Sunday, July 22, 2007

Carnoustie Strikes Again

It looks so peaceful; so tranquil - the Barry Burn that winds through the 18th fairway (and elsewhere) on the Carnoustie Golf Links. After today, there can be little doubt that its status as legend in the golfing world is secure, and that the 18th hole can safely be considered among the most terrifying closing holes in major championship golf.

Unlike Jean Van de Velde in 1999, Padraig Harrington was conquered by the Burn, but lived to tell the tale. Harrington even went one step beyond Van de Velde - when a simple bogey would have meant victory, he hit into the burn twice. And it may come to be regarded as one of the greatest double-bogeys of all time, because it was just enough to get him into the 4-hole playoff against Sergio Garcia. This time, again faced with a situation where bogey would mean victory (absent a birdie from the suddenly erratic Garcia), Harrington played it as safe as a man possibly could, grabbed his 5, and walked away with the Claret Jug.

This could have been a breakthrough win for Garcia, but for now he remains the holder of the least coveted title in the sport - best player never to have won a major. Going into Sunday, this tournament was his to lose, and he lost it. It was not a "choke" in the Greg Norman/1996 Masters sense, but neither was it a round of distinction. He's only 29, with a lot of golf left in him, but in his press conference it was painfully clear that he was absolutely crushed. This one would have meant a lot, coming at the same tournament where his friend and mentor Seve Ballesteros announced that he was hanging it up for good. I still think Garcia will win multiple majors, but this loss may set him back for a while.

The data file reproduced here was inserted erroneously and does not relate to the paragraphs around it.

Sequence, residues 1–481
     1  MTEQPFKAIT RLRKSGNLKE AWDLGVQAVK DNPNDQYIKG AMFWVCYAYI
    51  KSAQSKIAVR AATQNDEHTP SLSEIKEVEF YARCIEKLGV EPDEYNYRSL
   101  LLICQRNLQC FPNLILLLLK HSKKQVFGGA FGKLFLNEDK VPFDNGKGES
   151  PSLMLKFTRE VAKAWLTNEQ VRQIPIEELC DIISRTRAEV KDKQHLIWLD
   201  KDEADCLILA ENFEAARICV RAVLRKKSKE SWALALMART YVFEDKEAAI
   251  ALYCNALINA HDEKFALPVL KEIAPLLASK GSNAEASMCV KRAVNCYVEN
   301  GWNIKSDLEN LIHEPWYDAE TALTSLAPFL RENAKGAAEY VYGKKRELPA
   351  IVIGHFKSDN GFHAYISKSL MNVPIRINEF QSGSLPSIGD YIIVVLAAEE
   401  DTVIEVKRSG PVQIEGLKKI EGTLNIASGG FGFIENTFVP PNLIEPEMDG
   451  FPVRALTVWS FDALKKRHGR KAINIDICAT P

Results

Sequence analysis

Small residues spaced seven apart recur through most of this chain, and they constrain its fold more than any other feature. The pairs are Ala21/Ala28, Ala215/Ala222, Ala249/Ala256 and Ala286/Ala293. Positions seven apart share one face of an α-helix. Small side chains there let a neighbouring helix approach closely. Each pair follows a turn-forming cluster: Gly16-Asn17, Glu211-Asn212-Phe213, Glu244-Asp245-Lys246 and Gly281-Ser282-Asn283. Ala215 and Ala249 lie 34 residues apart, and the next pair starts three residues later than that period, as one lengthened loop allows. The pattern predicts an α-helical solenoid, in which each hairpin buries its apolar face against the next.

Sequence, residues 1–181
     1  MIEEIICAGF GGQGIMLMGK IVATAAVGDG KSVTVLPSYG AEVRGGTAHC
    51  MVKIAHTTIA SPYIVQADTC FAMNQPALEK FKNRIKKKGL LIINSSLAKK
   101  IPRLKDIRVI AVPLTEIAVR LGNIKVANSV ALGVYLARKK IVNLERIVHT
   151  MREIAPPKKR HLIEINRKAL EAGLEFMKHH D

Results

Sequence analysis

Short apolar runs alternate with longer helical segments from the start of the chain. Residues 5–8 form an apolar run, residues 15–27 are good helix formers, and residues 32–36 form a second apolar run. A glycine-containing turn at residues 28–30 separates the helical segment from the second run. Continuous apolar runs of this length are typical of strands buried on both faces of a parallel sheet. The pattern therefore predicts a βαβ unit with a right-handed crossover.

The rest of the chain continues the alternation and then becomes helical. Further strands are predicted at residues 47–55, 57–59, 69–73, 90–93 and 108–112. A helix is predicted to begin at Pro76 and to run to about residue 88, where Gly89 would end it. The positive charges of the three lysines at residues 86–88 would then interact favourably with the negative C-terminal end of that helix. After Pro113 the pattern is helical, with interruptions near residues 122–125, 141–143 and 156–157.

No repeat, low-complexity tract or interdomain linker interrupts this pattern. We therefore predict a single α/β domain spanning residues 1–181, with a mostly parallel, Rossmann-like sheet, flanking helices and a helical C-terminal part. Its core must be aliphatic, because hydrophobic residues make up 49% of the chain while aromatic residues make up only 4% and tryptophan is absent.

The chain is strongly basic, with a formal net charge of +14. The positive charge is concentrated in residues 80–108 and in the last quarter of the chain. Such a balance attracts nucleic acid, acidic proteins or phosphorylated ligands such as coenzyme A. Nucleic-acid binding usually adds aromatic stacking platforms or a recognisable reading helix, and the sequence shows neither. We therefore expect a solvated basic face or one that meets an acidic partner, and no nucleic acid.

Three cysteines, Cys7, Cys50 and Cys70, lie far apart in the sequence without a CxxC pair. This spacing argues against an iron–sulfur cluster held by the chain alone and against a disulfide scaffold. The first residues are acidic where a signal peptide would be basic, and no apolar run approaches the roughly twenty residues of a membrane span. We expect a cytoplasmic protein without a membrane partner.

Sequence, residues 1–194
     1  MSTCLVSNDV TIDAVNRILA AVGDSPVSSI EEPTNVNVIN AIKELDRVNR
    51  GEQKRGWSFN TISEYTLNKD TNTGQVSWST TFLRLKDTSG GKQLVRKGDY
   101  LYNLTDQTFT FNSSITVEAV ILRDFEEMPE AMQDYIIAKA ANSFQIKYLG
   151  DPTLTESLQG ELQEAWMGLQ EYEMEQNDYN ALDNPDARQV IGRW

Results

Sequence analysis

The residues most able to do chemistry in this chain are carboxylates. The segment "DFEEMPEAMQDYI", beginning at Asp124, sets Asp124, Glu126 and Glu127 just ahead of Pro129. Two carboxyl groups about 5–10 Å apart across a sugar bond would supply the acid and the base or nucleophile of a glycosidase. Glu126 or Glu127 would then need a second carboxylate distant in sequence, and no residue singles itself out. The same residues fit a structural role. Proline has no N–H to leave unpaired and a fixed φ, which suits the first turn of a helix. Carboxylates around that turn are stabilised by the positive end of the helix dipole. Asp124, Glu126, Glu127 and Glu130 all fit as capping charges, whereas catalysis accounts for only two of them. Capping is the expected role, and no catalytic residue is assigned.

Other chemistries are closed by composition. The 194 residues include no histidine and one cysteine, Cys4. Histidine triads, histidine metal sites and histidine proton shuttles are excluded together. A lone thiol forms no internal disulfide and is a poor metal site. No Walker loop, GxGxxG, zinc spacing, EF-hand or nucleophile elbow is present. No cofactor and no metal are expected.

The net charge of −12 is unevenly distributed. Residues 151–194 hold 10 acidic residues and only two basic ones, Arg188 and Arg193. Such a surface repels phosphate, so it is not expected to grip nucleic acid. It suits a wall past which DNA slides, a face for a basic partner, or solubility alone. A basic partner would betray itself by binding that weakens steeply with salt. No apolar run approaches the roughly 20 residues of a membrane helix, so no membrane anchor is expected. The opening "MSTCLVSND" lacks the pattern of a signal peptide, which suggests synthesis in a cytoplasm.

As for Tiger, this had to qualify as only a fair effort - 6 strokes behind, T12. When your standards are as high as his, a season without a major victory is a failure, plain and simple. Which is why it would not be wise to bet against him in three weeks at Southern Hills.

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